The reason to see the history of all this is to realize that roles changed and developed according to the need of the times. Just as there was not a command that directed the early disciples to start a deacon ministry, but followed God's direction to do so according to the need, so the leadership of the church has the freedom to hear the Spirit direct in ways that address specific needs to that particular congregation. In many cases, this development has led to the need for someone to coordinate the worship ministry.

Fast forwarding to recent days, some of those who lead the worship ministry see their responsibility more in terms of the visible presence in a congregational setting, and not the full breadth of what worship ministry entails. Some worship leaders are in the position much by “default,” that is, there wasn’t anyone else around and were called upon to “help with the worship service” because they could play a guitar or keyboard.  Though their musical training may be limited, they do the best they can and see their function within the church only in that capacity.

However, a growing number of congregations look that this position as described and wonder “Should we pay a full-time salary to someone who only leads a few songs on Sunday?” Yes, their may be a small band or praise team, but the question still arises.  I think the answer lies in the difference in understanding the difference between a worship ministry and just a worship leader.

What is the difference? 
Worship ministry must include:
[1] a leader with a strong personal understanding and continued personal growth in all the aspects of worship: musical, theological, and relational;
[2] commitment to planning/leading and helping the congregation understand and participate in worship,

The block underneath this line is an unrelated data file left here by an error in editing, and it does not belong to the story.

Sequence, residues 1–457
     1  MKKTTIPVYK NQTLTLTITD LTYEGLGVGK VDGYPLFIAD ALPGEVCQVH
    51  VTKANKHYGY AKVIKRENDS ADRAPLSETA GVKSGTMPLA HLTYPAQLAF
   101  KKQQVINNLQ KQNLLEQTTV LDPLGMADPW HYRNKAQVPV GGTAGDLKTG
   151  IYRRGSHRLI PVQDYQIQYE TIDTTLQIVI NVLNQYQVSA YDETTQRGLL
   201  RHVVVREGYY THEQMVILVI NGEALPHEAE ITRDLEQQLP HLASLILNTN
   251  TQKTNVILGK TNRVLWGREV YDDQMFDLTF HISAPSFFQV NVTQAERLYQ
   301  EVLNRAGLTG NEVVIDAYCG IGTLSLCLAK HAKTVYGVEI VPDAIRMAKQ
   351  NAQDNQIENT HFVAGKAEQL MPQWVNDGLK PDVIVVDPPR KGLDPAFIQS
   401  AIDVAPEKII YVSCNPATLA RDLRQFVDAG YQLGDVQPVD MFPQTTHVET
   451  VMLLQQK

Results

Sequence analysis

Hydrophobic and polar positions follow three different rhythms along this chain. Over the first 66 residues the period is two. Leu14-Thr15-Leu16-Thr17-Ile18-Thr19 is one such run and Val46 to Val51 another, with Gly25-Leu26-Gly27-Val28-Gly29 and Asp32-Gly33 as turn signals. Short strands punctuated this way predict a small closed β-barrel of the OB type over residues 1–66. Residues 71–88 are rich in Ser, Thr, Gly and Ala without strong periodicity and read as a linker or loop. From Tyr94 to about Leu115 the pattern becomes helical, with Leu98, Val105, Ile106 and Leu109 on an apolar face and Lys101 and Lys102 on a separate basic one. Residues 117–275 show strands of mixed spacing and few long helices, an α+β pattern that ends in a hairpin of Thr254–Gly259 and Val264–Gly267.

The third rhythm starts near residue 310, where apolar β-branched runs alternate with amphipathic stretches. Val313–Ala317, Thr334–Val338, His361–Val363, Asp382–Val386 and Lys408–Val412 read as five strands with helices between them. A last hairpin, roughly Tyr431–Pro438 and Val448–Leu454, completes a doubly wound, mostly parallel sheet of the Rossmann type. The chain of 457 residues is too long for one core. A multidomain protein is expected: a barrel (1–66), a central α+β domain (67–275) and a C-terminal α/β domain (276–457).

[3] as instructed in Col. 3:16, a commitment to utilize the music as a tool for the instruction of God's Word;
[4] commitment to training and mentoring younger worship leadership, which would include working with children and youth in music and worship.

Worship leadership that fails to complete at least these 4 basic areas seems short-sighted and fails to understand the role and responsibility of a worship ministry.  A ministry that is engaged in the four areas above could easily be a full-time job and for many others a robust part-time job.

One of the reasons we teach and train as we do here in the Seminary is because we are trying to address the full spectrum of worship leadership, not just how to play and sing on a guitar. Yes, our churches are clamoring for worship leaders, but if all we are doing is putting someone in front of a congregation to lead a song, then we are failing to address the greater issues about worship ministry and discipleship.

I would encourage the lay worship leader to get more training to help fulfill the call to worship ministry. I would encourage churches to help these individuals get the preparation they need to develop skills in personal discipleship and growth, worship planning and leading, theological understanding that can evaluate doctrinal weaknesses in songs and how to correct them, and training children and youth in worship ministry. Until we can address the larger issue of Worship Ministry, we are failing to provide a solid biblical foundation from which our worship can grow.